Disaster declaration does no immediate good for flood victims

Clark County Commissioner Larry Brown during a Mount Charleston Town Board meeting Wednesday night defended the county’s decision not to accept liability for a plan to construct an earthen berm to divert flood water from the Rainbow subdivision in upper Kyle Canyon.

The neighborhood suffered substantial damage from a flood following a late-July rainstorm. With homes damaged and neighbors seething, the County Commission on Wednesday morning voted to approve a disaster declaration for the area.

Which will do nothing to immediately help protect that neighborhood.

Wednesday evening found Brown trying to persuade skeptical homeowners the county had acted prudently when it chose not to accept liability for an Army Corps of Engineers plan to build a 1,700-foot-long emergency embankment.

After agreeing to a lengthy list of conditions, Brown said, the county was stuck on the liability issue.

“What the facility does create is a new liability,” Brown said. “We don’t know where that water’s going to go. Ideally, it will be dry, the facility will hold for seven years, and everything would be perfect. But that water will go somewhere.”

He offered hypothetical challenges, including possible damage to downstream campgrounds and roads.

“We’re redirecting a lot of water to new places,” he said.

Trouble is, Rainbow residents aren’t dealing with hypothetical damage. The destruction they’ve been hit with is very real, and the danger remains.

Some of those neighbors weren’t buying Brown’s view. Attorney John Mowbray was one of his harshest critics.

“I think this is a failure of leadership from the County Commission,” Mowbray said. “The Carpenter fire happened last summer. We had a bad storm event, a flooding event, last fall. And no one did a thing about it. Who else has responsibility to take care of the citizens of this canyon? You are our commissioner. It’s on your shoulders. I’m pointing fingers. The county was negligent. The county was on notice this was going to happen.”

BOARDWALK BLUES: Recent news that Atlantic City has fallen on hard times has some locals from the gambling industry laughing about a time a couple decades ago when Las Vegans were told their gambling mecca might be eclipsed by a New Jersey gaming hot spot.

“I clearly remember when gambling was proposed in Atlantic City and how everyone here freaked out,” reader Richard Buhler recalled.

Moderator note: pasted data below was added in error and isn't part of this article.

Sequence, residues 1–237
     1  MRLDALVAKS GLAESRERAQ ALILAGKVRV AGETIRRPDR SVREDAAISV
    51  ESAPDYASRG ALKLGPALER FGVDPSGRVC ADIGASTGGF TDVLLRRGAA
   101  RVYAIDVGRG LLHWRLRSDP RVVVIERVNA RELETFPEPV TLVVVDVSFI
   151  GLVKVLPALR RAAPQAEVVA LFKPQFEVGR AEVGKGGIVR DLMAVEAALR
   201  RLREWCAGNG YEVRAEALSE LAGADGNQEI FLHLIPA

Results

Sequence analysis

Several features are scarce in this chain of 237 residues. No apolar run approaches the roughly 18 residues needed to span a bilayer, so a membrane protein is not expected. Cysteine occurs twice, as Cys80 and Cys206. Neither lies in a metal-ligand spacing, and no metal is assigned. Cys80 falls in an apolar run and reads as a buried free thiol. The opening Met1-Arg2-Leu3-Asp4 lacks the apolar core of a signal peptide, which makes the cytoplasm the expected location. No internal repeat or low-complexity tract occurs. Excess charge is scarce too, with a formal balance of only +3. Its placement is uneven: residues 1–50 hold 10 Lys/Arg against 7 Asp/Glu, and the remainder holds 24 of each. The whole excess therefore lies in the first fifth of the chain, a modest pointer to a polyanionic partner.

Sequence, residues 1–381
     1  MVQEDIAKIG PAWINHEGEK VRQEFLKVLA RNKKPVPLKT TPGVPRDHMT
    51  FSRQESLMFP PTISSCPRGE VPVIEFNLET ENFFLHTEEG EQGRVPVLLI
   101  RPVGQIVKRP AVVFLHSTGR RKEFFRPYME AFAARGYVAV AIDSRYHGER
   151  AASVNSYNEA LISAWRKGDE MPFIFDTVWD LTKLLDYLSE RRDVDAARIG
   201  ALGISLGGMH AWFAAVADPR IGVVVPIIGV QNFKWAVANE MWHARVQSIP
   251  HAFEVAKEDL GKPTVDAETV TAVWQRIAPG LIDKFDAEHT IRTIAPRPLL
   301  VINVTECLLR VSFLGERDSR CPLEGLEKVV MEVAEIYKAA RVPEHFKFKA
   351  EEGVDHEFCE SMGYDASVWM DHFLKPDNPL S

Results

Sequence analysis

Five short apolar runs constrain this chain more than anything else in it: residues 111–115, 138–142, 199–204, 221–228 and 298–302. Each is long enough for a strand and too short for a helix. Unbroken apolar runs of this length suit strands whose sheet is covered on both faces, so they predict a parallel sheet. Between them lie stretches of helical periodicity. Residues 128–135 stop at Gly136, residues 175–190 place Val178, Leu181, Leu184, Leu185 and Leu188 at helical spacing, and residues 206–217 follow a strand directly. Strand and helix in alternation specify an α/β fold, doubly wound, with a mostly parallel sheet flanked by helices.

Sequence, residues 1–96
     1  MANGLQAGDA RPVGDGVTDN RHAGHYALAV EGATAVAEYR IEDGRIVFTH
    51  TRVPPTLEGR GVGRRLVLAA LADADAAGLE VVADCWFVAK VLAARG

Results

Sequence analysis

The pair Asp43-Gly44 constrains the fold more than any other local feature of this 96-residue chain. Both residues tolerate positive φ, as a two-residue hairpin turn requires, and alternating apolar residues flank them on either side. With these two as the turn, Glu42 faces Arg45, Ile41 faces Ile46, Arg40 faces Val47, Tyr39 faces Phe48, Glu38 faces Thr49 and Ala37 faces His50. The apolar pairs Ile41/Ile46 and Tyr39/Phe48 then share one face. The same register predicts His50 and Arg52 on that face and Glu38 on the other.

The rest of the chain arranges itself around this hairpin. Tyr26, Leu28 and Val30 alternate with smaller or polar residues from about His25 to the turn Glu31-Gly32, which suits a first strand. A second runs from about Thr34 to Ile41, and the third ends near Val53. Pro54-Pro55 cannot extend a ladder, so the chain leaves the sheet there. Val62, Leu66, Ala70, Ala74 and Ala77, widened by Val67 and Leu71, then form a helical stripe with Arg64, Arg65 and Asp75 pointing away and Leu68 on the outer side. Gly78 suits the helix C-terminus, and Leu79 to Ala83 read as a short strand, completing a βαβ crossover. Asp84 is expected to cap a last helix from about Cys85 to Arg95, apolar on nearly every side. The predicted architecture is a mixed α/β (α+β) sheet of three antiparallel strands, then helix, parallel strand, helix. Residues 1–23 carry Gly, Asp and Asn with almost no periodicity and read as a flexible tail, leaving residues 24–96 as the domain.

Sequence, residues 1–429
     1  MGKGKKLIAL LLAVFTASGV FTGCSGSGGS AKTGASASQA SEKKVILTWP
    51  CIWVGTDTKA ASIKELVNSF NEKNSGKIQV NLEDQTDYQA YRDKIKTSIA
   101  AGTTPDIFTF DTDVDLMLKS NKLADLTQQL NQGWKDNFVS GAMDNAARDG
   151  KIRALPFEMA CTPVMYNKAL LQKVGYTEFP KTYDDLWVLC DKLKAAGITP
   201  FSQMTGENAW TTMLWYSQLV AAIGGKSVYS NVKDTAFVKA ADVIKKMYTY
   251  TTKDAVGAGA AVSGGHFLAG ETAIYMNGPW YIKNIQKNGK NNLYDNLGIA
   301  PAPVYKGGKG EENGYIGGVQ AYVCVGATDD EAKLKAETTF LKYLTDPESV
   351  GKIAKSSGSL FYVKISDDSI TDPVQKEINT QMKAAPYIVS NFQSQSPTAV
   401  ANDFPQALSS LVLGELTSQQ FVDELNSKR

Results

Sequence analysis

All these years later, Las Vegas has managed to do more than survive while Atlantic City is rocked to its sandy foundations.

FINAL BELL: Senate Majority Leader Harry Reid, D-Nev., gave the eulogy at the service Saturday night at St. Anne Catholic Church for his longtime friend and occasional bodyguard Gary Bates, who died recently after a hard battle with cancer. He was 69.

Bates is best remembered locally as a heavyweight boxer who took on Ron Lyle, Gerry Cooney and Ken Norton during his career.

Hall of Fame sports writer Royce Feour remembers him as a friend and watched him in the ring.

“I remember when Bates was at Bishop Gorman High School, which was more than 50 years ago,” Feour wrote on Facebook. “ … Gary had a contrasting personality. He could be a tough man. But to me he was more of a caring and giving man who volunteered for many worthy causes, including Catholic churches and the Nathan Adelson Hospice. Gary and his wife Carmen were honored as ‘Citizens of the Month’ for their community work.”

A Marine, Bates was honored by the playing of taps at the conclusion of the service, the notes from a solitary horn drifting into the night.

MAVERICK FOREVER: The impromptu James Garner fan blog continues this week with yet another fond memory of the late actor, this one from Boulder City resident Kathy Hendricks, whose late father, Los Angeles Herald-Express sports writer Wilson Springer, befriended the actor back when he balanced leading film roles with a passion for auto racing. Springer handled the Garner team’s public relations and even helped design its racing logo.

“Somehow, I thought I might be the only one who felt such a sense of loss at his passing,” she wrote. “I’ve been a fan from the beginning, and perhaps felt I had an inside look at the man.”

NOW BATTING: Longtime local baseball fans will remember sports announcer Paul Olden from his days in the radio broadcast booth at Las Vegas Stars games.

These days Olden is with the New York Yankees organization. He divides his time between New York as the club’s public address announcer and St. Petersburg, Fla., where he serves in the role of team ambassador.

ON THE BOULEVARD: The Boulevard notes the passing of likable former TV newsman Murray Westgate. He was 85. … While the investigation into possible credit card fraud at Club Paradise topless cabaret continues, more alleged victims are surfacing. I recently fielded contacts from representatives of disgruntled customers from California and Nebraska. … Talk about an air ball. The basketball brains at ESPN embarrassed themselves when they openly speculated that the basket stanchion at the Thomas &Mack Center was somehow to blame for the devastating injury NBA star Paul George suffered last week during a USA Basketball scrimmage. A league inquiry quickly dispatched that theory.

Have an item for the Bard of the Boulevard? Email comments and contributions to Smith@reviewjournal.com or call 702-383-0295. Follow him on Twitter @jlnevadasmith.

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